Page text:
Is a Suspect Charging with a Knife a Deadly Threat?

Shepherd v. City of Shreveport, 920 F.3d 278 (7th Cir. 2019)

An officer responded to a fire department assist call at William Shepherd’s residence. Dispatch broadcast there was a potentially violent male who had possibly suffered a stroke and a female caller feared the male might hurt her. A second caller erroneously reported shots had been fired. Before the officer arrived, medics entered Shepherd’s home and encountered him with a knife in hand. The medics tactically and quickly retreated, taking cover behind a fire engine. Shepherd followed them into the front yard but stopped at the sidewalk.

The officer arrived and approached the medics. They pointed to Shepherd and told the officer there was still a female in the residence. The officer repeatedly commanded Shepherd to “get down” and “lay down,” but Shepherd did not comply and repeatedly responded with “$#!@ you.”

When Shepherd began moving toward the house (and the woman inside), the officer told Shepherd to “come to me now.” Instead, Shepherd walked toward the house, entering the garage. The officer followed at a distance, trying to keep sight of Shepherd. Shepherd turned back and advanced toward the officer. As the officer backpedaled, he shouted for Shepherd to get back.

Shepherd continued advancing toward the officer, so the officer shot Shepherd with a shotgun. Shepherd died and his mother subsequently sued. The trial court granted qualified immunity to the officer, ruling the officer reasonably believed Shepherd posed a threat of serious harm at the time the officer fired. Shepherd’s mother appealed.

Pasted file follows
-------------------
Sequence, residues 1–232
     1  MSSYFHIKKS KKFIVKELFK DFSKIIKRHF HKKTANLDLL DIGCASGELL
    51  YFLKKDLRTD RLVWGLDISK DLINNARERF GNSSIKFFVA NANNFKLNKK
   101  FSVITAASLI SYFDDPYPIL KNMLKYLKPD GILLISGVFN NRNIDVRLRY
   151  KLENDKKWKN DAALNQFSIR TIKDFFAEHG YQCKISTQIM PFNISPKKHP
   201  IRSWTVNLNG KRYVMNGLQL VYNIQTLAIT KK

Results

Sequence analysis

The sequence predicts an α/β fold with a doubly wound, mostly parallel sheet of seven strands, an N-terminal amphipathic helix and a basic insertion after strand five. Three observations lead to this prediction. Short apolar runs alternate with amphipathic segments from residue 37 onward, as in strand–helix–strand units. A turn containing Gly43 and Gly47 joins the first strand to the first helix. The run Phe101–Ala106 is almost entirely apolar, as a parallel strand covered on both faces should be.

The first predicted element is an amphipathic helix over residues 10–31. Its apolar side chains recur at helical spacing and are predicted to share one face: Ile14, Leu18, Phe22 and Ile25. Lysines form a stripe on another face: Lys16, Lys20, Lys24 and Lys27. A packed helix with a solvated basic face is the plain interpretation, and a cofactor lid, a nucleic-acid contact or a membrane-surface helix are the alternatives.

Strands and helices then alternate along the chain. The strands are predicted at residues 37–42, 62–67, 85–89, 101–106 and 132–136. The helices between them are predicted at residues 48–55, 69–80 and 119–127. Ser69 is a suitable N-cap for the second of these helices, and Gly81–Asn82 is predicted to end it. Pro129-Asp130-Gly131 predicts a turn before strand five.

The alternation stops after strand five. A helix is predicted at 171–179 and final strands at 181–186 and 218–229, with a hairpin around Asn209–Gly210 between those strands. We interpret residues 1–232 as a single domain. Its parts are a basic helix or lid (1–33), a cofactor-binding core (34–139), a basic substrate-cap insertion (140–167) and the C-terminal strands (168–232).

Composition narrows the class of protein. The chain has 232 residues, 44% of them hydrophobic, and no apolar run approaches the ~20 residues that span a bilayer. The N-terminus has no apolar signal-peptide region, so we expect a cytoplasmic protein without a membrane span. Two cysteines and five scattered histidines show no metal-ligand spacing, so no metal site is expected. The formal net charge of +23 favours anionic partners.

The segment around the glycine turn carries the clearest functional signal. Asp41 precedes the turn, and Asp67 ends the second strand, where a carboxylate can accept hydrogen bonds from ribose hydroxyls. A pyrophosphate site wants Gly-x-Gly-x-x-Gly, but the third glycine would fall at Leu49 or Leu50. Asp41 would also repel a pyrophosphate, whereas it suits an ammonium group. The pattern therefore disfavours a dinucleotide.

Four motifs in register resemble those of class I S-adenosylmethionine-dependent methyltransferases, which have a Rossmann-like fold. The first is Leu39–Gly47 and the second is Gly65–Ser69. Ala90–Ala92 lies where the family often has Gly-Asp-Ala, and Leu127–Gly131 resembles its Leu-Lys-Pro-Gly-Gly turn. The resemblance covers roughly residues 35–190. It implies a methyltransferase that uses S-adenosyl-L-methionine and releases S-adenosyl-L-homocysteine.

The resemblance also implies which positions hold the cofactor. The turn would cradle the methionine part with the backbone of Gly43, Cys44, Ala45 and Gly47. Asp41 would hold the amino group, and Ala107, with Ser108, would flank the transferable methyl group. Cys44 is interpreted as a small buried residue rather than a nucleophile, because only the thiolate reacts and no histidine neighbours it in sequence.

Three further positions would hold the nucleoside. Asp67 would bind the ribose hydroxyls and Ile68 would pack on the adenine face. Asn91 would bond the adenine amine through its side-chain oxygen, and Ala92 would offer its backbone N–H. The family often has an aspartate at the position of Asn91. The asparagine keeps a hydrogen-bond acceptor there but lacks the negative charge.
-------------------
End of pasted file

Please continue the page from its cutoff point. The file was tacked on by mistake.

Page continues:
The trial court granted qualified immunity to the officer, ruling the officer reasonably believed Shepherd posed a threat of serious harm at the time the officer fired.

Shepherd was approximately 10 feet from the officer when the officer fired his shotgun. Though Shepherd’s mother claimed Shepherd was “stumbling” toward the officer, the video recording clearly showed Shepherd advanced toward the officer at “a relatively quick speed.” The video recording did not, however, clearly show whether Shepherd was holding the knife at his side or in an upraised position.

Shepherd’s mother also made several arguments that bear careful attention. First, she claimed a knife cannot be a deadly threat at 10 feet. The court held the plaintiff utterly failed to offer any facts supporting this bold (and patently false) claim. Second, she asserted the video recording did not clearly show the knife was raised overhead, and that Shepherd could not have reasonably posed a threat if the knife was by his side. The court rejected this claim, too: “Even if we were to accept that Shepherd still had the knife at his side at the moment when he was shot, there is ample reason to conclude that he posed a real threat of serious bodily harm to the officer.”

Ever since Lt. Dennis Tueller first articulated the “21-foot principle” (never calling it a “rule”) in 1983, use of force experts have discussed the threat posed by various edged weapons at particular distances. In late 2018, 35 years after Lt. Tueller first published “How Close is Too Close?” he and I produced a police training video titled “The 21-foot Principle Clarified.” The video is an excellent training and discussion presentation; watch here.

Ken Wallentine

KEN WALLENTINE is the Chief of the West Jordan (Utah) Police Department and former Chief of Law Enforcement for the Utah Attorney General. He has served over four decades in public safety, is a legal expert and editor of Xiphos, a monthly national criminal procedure newsletter. He is a member of the Board of Directors of the Institute for the Prevention of In-Custody Death and serves as a use of force consultant in state and federal criminal and civil litigation across the nation.

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